Federal Reserve chairman Jay Powell
President Trump appointed Powell to run the Federal Reserve, so the central banker cannot complain that he didn’t know what he was getting into when he took the job. It is nevertheless unlikely that Powell appreciated the full horror of trying to conduct a measured return to a policy of higher interest rates against a backdrop of aggressive public opposition to any hikes by the president.
“It is incredible that with a very strong dollar and virtually no inflation, the outside world blowing up around us, Paris is burning and China way down, the Fed is even considering yet another interest rate hike. Take the Victory!” Trump tweeted on December 17, the day before the last Federal Reserve policy announcement of 2018.
Powell had already risked the perception that he caved in to presidential pressure when he described rates as “just below” neutral in late November, in what was widely interpreted as a dovish comment designed to reassure traders about the likely pace of hikes – and an attempt to dampen equity market volatility.
The shift came soon after an interview by Trump in which he said he was “not even a little bit happy” with Powell due to Federal Reserve signals about future hikes.
Powell and his regulatory colleagues may have convinced themselves that the “just below” neutral comment was a measured response to signs of slowing global growth, with a secondary benefit of reducing the likelihood that a pronounced slump in stock market values would affect economic confidence.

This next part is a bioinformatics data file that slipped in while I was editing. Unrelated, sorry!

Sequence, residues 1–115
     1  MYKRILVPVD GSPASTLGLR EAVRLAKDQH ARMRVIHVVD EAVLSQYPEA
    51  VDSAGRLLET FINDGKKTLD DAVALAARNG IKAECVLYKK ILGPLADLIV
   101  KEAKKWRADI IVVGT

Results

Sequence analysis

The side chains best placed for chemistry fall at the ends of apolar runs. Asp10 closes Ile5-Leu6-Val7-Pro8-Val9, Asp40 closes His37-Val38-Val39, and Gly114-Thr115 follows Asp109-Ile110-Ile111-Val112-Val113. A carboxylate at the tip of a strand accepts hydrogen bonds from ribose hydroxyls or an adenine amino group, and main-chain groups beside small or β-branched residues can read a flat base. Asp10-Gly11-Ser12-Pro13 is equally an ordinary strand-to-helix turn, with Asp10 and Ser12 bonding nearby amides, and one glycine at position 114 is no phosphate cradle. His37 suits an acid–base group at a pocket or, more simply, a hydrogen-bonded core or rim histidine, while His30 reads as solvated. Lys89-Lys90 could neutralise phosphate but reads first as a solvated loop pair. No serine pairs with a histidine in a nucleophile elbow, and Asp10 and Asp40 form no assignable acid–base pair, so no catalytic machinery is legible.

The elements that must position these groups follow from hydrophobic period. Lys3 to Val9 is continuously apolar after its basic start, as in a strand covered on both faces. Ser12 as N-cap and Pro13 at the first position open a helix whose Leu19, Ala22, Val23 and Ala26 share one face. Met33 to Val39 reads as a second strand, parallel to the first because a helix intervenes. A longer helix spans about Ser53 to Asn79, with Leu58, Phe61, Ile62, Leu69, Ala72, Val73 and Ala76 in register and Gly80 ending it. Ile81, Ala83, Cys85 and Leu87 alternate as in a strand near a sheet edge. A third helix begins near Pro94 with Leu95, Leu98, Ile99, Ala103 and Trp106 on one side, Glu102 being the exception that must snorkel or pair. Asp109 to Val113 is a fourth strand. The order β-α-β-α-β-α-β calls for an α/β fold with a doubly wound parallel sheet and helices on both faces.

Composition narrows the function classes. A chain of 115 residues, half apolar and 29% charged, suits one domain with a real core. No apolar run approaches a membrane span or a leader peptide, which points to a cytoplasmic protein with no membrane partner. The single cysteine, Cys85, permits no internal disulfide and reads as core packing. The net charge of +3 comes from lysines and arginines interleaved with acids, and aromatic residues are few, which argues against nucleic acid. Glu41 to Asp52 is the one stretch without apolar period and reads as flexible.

But Trump almost certainly interpreted the change in tone as vindication for his usual policy of relentless criticism of any and all opponents.
Powell has more private-sector experience than most central bankers, after a career split between Wall Street at firms including investment bank Dillon Read and private equity investor Carlyle, and regulatory positions in the administration of president George HW Bush.
So he is no cloistered academic who has been suddenly thrust into the hurly-burly of the point at which politics and finance intersect. Powell is also old enough to remember when presidents routinely tried to influence the decisions of Federal Reserve heads.
President Lyndon Johnson reportedly pushed Fed chairman William Martin against a wall during a dispute over rate hikes and when Richard Nixon succeeded Johnson he replaced Martin with Arthur Burns; and was later able to press his appointee to cut rates ahead of the 1972 election campaign.
Nixon’s influence on Burns was widely viewed as a contributory factor to the inflationary spiral seen later in the 1970s and a consensus developed for a few decades that US presidents should avoid open attempts to bully Federal Reserve heads.
That is one of the many points of consensus that is treated with disdain by Trump and now Powell finds himself in the unwelcome position of trying to conduct monetary policy in a highly-politicized environment.
Trump avoids physical and personal confrontation, preferring instead to channel his aggression through TV appearances or social media. That means that Powell is unlikely to be pushed against a wall in Trump’s Mar-a-Lago retreat, the modern equivalent of the Texas ranch where Johnson supposedly manhandled Martin.
But Powell can expect the cyber equivalent of a blow to the head when he is least expecting it, now that Trump scents that he can affect the decision-making process at the Federal Reserve with a well-timed tweet.
Perhaps Powell should consider reporting his assailant to a well-connected opponent of cyber-bullying, such as America’s first lady Melania Trump.